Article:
A successful businessman for more than 20 years in Canada, Ralph Hoehne and his wife, Joanne, never dreamed they would start a church.
But they discovered that the past 25 years helping in church ministries and mentoring people in business happened to be the training they needed to begin The Source, a church focused on equipping people with biblical principles to guide them in life and business.
“We had never pictured ourselves as having a church,” Joanne said, who left her career to home school the couple’s four children. “Our whole passion was to just help people. We saw people floundering around when common sense would make such a huge difference.”
Aside from services on Sunday morning and Wednesday night, the Hoehnes have begun The Roundtable, a monthly forum to help people with business decisions.
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The Roundtable is set up in a format that allows men and women in business to discuss and even debate the answers to questions. Questions range from how to resolve cash flow problems, save money and advertise, to how to decide whether to go into business.
“What it does is it forces people to think. They have to stop and think, ‘Do I really want to get into business?’” Ralph Hoehne said.
The free monthly session not only allows new or prospective business owners to tap into information, but it gives them a chance to get mentoring from veteran business owners. The next session is Feb. 3.
Especially in tough economic times, the Hoehnes are finding that people are looking for a way out of their financial troubles.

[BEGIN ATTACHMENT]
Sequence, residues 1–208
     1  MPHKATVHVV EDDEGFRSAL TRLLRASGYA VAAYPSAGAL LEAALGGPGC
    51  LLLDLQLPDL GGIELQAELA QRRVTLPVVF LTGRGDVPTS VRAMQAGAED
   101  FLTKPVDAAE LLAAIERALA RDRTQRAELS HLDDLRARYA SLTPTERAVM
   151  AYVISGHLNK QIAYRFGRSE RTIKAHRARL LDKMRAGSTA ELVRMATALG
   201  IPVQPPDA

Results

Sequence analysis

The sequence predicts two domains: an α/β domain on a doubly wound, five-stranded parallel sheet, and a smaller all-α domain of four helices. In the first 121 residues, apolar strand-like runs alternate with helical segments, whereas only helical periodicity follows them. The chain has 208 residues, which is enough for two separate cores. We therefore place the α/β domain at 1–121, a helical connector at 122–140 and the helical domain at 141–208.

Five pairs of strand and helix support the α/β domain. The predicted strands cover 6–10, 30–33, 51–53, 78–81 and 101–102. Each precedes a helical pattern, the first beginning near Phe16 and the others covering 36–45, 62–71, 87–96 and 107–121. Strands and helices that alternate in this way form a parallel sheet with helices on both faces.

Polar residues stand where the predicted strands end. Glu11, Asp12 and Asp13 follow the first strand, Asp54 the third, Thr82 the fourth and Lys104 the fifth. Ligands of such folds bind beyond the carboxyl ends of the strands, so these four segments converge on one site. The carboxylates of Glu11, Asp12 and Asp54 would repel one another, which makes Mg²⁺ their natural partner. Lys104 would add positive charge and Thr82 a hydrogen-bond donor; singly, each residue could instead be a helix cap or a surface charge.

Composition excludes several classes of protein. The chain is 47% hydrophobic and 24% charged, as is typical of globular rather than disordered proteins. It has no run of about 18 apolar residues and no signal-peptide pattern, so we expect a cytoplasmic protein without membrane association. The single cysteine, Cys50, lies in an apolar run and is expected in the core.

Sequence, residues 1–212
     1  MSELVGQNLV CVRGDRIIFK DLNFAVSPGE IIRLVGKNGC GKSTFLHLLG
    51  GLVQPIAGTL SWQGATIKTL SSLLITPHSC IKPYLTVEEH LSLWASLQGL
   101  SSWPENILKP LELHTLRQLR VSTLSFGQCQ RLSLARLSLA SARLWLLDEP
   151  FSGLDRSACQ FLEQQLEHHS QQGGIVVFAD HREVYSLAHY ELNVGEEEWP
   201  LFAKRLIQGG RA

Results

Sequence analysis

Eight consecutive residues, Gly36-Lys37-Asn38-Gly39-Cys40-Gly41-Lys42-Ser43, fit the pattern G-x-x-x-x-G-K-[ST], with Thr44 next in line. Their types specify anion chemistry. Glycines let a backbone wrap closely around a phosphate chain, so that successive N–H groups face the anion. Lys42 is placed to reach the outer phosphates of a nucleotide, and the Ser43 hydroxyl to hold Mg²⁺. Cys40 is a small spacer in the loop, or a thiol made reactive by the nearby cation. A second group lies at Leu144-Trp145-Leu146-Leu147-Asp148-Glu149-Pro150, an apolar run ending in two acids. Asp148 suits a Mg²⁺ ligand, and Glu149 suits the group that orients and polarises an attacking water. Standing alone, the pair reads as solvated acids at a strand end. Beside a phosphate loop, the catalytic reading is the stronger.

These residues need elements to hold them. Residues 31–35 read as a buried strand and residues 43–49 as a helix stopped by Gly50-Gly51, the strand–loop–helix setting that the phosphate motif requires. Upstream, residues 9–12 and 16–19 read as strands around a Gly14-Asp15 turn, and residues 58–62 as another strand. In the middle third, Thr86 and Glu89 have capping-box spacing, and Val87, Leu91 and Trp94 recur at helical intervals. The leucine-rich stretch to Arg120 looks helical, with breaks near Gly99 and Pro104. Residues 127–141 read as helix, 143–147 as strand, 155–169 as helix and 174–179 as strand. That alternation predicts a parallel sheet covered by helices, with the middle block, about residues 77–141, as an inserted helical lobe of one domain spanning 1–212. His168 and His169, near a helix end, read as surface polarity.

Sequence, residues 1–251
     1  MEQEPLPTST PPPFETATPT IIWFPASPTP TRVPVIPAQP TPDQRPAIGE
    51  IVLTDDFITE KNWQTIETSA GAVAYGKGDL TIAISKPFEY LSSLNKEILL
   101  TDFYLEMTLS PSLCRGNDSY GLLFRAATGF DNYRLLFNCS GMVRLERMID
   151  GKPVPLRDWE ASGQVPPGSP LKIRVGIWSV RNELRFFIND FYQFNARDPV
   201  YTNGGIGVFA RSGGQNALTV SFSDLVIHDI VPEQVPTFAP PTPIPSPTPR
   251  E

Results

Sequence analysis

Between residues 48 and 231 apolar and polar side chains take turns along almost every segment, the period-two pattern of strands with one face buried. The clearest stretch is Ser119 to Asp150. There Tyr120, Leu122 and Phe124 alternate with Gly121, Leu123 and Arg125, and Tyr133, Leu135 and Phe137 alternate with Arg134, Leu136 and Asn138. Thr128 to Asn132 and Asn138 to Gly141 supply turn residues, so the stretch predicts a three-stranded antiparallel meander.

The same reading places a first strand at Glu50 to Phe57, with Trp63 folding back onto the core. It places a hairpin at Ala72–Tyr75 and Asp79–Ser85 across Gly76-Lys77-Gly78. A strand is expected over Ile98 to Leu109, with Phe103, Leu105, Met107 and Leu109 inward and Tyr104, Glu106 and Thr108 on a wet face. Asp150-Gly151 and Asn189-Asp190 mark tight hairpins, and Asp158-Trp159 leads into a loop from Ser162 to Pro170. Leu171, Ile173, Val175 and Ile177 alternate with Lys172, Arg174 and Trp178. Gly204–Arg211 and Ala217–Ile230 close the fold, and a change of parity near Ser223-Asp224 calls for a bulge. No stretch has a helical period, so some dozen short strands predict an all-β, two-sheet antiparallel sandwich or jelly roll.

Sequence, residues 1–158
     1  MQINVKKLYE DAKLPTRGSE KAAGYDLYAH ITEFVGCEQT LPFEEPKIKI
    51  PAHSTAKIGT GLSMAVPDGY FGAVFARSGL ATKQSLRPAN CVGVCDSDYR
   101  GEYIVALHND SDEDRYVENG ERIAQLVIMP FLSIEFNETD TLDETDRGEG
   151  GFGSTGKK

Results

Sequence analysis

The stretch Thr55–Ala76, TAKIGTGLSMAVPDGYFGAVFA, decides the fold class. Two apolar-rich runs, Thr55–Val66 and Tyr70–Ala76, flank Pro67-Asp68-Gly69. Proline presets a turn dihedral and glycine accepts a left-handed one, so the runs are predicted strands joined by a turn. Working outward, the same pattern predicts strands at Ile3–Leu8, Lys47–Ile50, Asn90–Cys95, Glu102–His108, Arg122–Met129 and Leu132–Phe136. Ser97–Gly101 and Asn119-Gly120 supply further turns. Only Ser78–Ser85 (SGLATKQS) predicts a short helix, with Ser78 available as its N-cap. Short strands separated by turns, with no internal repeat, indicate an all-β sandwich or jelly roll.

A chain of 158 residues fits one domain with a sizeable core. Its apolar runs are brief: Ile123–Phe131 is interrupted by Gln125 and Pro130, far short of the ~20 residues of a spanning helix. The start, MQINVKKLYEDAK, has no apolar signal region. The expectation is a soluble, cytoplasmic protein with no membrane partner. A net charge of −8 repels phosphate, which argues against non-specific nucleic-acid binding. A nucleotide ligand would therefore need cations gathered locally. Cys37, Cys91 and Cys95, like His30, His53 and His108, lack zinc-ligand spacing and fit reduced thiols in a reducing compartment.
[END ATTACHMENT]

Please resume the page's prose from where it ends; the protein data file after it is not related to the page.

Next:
“Sometimes, it’s just a matter of taking a step back and getting a perspective on things,” he said. “Sometimes, when people are in the middle of a crisis in their lives they don’t know how to get out of it.”
The Hoehnes, who have been mentoring and counseling people for the past 15 years, have more recently led 12-week sessions, called Victorious Living, at various churches since moving to the area five years ago. Ralph says that finding relief from financial woes may not happen overnight. But with good decision-making families can get out of debt.
Author of “Anointed to Prosper: Keys to Breaking the Power of Debt”, he outlines biblical-based ways to succeed in the financial realm. They include living with integrity, saying what you’re going to do and doing what you say, and doing everything to the best of your ability.
“We’re not reinventing the wheel. We’re taking a step back and talking through the decisions they make in their lives before they make them,” he said.
Financial stress tends to add pressure on couples who are now struggling. Many times, couples aren’t having serious issues but have grown apart because of the stress.
The Hoehnes should know. Early on in their marriage, they were struggling with finances and their relationship. Wishing somebody would have handed him a manual on marriage, Ralph, who was already successful at a real estate businesses in Canada, set out to find a way to make it work.
Counseling he received about romancing his wife, keeping a weekly date night and taking an annual vacation, are some of the tips he gives to men in counseling sessions.
“Marriage takes work. It doesn’t end. You can’t say, ‘I’ll figure it out now, and I’m good to go,’” he said.
In the midst of it all, they turned to their faith for a plan for marriage and finances, including tithing 10 percent of their income and being good stewards of their money.
“We started to say let’s look at what God has to say. This is not enough to look at our common sense,” Joanne said.
“God’s got great plans for all of us. So often we want to do it in our own way. We can only see a small portion of our own lives. God sees the whole the picture.”
In the past few years before the economy took a turn for the worst, they decided to hold off on business ventures and are glad they did, Joanne said.
“So often we make him the last resort instead of the first resort,” she said. “So we make it our goal to go to him as a first resort. That’s been the key to our success.”
Jessica Klipa, Herald reporter, can be reached at 708-7906.